Why Change Comes Slow to Small Towns and What To Do About That

by Joanne Steele on October 18, 2010

Who are your community leaders?

We have a big city council election in my town this year, with 12 candidates running for 5 seats. Ideas are flying around like cottonwood seeds, and most of them are interesting and innovative.

And, on November 3rd, when the new council is seated, most if not all of those ideas will be forgotten. Why!!

They represent change, and change is a problem for many small town residents.

Here’s why I think locals resist those innovative revitalization ideas.

1. Using Outside Experts from the beginning sets up resistance.

The normal process toward change is for some organization to get a grant.

They hire experts, usually from afar, to come in and assess the current situation and create the plan.

They present the community with a picture of how bad things are, with statistics to prove it, and offer a solution that is often brilliant, expensive and a little hard for locals to wrap their thinking around.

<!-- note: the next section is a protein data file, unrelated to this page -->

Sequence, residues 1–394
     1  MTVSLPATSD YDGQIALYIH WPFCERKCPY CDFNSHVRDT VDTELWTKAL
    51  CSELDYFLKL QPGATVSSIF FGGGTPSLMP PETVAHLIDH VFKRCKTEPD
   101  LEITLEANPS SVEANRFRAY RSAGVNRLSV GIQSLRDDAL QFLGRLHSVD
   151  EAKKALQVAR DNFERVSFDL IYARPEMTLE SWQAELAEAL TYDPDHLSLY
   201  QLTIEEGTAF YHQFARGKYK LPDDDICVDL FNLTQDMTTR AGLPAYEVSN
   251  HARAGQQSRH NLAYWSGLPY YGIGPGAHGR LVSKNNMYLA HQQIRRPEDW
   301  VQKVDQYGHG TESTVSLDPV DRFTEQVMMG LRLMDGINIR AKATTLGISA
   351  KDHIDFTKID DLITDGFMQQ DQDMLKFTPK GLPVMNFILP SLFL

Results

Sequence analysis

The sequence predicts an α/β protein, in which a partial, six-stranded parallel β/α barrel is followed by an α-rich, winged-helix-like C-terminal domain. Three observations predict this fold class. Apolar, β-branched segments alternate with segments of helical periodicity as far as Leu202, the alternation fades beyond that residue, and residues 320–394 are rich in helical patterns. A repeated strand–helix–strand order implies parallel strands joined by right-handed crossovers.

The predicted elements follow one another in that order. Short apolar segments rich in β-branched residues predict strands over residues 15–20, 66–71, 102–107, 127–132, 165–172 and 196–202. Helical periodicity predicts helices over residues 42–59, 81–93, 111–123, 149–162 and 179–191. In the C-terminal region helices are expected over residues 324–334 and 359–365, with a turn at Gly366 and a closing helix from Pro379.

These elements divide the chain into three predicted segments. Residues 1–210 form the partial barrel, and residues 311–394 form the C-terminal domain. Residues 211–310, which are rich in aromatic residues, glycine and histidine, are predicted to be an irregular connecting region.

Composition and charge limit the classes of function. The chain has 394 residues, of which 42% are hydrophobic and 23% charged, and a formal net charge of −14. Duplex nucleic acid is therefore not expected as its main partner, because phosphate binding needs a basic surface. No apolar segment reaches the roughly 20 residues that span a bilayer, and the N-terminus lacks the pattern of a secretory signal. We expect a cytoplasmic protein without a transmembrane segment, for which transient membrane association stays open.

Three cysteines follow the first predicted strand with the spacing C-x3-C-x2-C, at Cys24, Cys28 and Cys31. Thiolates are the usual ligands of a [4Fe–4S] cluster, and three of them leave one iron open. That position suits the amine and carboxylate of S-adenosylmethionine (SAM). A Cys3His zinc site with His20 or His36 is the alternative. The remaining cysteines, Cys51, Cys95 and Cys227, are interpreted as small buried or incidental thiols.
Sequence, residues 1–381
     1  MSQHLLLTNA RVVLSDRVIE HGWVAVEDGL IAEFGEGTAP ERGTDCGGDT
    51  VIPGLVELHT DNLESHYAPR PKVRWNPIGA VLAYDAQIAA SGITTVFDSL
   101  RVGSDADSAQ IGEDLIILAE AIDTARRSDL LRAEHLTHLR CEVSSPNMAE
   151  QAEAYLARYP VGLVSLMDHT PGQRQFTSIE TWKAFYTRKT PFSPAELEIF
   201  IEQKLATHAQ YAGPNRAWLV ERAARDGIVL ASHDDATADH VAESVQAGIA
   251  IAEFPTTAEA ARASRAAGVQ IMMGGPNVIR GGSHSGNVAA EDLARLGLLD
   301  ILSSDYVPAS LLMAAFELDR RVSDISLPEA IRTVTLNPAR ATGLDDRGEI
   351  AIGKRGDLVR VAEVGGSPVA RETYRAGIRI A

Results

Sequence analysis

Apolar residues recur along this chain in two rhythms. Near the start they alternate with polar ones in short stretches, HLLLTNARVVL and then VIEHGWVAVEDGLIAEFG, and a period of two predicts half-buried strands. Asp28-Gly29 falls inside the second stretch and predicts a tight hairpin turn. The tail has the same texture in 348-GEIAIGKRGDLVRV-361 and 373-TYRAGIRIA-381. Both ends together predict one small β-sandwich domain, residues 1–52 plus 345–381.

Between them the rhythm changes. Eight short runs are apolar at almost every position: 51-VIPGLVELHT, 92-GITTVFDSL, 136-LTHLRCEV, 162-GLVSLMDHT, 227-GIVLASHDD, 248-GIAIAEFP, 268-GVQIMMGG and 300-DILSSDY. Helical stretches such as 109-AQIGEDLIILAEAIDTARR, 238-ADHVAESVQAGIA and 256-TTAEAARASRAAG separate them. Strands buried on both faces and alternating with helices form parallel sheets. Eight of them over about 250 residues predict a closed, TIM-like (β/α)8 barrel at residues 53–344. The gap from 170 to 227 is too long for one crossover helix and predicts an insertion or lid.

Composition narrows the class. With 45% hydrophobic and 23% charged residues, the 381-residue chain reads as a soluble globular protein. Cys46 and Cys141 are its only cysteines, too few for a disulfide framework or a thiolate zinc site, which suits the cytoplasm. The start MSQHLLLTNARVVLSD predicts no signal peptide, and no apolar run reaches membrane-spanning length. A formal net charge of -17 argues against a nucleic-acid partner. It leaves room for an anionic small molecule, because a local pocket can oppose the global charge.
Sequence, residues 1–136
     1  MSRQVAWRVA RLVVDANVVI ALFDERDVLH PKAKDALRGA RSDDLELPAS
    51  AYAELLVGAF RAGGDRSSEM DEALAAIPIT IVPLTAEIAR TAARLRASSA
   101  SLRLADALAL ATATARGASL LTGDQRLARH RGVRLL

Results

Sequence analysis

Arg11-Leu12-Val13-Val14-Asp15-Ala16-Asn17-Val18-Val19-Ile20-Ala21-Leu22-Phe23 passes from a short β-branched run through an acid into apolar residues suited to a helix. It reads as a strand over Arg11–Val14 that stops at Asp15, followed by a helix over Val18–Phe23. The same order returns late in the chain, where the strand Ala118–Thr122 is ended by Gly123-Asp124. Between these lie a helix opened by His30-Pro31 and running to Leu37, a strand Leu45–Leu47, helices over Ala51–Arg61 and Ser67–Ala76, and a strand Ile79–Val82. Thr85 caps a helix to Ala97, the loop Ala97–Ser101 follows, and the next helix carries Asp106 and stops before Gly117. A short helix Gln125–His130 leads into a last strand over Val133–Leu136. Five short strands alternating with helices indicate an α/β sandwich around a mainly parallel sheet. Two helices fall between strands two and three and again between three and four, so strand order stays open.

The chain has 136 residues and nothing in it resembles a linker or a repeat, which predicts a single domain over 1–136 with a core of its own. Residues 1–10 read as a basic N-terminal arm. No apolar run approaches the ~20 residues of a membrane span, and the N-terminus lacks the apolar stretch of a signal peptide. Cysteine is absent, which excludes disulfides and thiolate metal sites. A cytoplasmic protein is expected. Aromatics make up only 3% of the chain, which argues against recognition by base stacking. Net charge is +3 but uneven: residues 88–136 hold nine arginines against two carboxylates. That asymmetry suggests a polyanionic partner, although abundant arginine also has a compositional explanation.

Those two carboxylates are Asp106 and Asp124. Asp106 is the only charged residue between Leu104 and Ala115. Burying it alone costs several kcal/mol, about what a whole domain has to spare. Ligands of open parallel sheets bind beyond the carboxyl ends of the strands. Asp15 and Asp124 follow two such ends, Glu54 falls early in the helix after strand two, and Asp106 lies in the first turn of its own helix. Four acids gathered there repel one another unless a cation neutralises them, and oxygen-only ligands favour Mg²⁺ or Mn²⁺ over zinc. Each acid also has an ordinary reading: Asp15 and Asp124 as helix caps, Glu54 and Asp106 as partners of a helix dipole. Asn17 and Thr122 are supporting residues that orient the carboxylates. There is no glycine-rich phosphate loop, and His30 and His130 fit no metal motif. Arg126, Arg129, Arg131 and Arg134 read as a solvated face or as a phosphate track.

Then they leave… and the plan is shelved, never to be seen again.

Several years, another organization gets some money for a study and the process starts all over again. Locals get a little jaded, and after about the third round of studies, only a few people with their own agenda show up to the visioning sessions and SWOT analyses.

2. The wrong townspeople are involved in the planning process from the beginning.

In small towns, and by this I mean towns under population 10,000, run on volunteerism. The only way to get stuff done is to organize a group of volunteers to do it.